Beyond price and features, the main difference between virtualization products is the technique used to perform the virtualization. On the server virtualization front, there are two main techniques: Native virtualization and paravirtualization. Native virtualization virtualizes all of the hardware that runs under a guest virtual machine, so that the guests can run an unmodified operating system. Paravirtualization is a technique that sends virtualization sensitive operations straight to the virtual machine monitor. Since this is accomplished by running the virtual machine monitor in ring0 of the processor, the guest operating systems cannot normally run without modification. Newer virtualization enabled processors such as Intel VT and AMD-V enabled processors will allow guest virtual machines to run unmodified on paravirtualization platforms.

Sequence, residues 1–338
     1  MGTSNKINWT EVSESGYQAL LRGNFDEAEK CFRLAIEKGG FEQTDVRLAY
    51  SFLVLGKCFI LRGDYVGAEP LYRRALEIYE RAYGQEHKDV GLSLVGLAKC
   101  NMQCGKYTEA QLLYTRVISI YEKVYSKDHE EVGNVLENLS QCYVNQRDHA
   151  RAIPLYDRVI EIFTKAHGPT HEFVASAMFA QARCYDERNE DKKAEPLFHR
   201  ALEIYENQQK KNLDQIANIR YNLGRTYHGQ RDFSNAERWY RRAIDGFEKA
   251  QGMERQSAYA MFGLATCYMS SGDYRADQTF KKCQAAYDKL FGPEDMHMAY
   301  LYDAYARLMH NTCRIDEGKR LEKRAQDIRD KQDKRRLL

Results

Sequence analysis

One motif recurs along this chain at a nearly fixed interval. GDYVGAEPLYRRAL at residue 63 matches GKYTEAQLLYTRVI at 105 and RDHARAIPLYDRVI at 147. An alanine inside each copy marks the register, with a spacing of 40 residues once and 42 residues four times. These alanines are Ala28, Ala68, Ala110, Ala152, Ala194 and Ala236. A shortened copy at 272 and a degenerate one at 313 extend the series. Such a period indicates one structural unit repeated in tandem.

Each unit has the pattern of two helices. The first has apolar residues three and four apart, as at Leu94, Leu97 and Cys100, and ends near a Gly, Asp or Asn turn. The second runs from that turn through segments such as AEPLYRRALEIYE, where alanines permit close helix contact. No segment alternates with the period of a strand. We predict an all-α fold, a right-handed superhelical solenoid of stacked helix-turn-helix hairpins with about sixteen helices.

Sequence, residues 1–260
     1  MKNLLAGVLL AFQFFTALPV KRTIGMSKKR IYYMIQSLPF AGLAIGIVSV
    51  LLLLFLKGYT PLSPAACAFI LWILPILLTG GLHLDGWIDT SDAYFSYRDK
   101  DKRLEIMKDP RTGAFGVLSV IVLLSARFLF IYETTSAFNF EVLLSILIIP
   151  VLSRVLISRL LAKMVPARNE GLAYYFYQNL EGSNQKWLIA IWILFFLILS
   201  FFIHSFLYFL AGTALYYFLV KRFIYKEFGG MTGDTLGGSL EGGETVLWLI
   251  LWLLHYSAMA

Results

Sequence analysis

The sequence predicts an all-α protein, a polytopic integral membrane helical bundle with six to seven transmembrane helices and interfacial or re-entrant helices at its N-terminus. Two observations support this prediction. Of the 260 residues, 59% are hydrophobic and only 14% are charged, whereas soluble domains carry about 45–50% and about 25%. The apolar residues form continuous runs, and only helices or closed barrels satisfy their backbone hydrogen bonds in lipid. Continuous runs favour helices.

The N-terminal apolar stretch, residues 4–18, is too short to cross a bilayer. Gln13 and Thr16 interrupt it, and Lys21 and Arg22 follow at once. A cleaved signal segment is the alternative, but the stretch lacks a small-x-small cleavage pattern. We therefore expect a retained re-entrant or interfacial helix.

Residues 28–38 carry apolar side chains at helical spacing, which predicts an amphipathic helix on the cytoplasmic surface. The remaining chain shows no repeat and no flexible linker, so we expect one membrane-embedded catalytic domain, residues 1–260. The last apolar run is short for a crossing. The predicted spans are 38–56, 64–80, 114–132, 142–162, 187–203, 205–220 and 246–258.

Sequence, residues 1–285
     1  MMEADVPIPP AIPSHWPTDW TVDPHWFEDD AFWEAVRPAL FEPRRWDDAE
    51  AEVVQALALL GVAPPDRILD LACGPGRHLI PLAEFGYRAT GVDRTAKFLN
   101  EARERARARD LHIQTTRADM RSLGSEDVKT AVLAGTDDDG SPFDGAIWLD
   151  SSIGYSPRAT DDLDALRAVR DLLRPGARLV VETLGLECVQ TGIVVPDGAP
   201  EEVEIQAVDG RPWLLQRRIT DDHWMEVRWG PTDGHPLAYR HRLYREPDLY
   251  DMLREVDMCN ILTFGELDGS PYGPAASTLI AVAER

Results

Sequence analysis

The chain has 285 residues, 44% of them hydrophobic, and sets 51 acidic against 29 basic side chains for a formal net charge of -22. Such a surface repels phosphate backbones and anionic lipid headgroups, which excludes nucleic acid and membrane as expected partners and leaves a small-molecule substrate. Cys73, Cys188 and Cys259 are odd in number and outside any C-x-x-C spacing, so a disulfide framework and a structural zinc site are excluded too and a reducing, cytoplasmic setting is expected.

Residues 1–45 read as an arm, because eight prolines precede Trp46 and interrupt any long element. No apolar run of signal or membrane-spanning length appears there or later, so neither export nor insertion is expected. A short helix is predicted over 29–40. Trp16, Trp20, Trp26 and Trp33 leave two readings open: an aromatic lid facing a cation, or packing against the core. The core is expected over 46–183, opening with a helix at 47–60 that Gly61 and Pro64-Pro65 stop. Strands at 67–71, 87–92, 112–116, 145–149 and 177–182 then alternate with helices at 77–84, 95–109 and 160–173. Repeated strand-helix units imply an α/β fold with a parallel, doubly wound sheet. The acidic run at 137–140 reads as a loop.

"Higher level virtualization" refers to an operating system, which is a virtualization technique that partitions a single operating system into several virtual environments. The most well-know product for operating system virtualization is SWSoft's Virtuozzo. This is called "higher level virtualization" because it runs in a higher layer (the operating system) than traditional server virtualization techniques.
VARs should be aware of operating system virtualization because it offers customers with high-end application or database servers an incentive to explore virtualization. Application and database servers usually need to take advantage of the majority of processing power available on the physical host. This may not make traditional server virtualization techniques very feasible. If a VAR is aware of all the alternatives for virtualization, it can offer alternative services to its clients.
This was first published in May 2007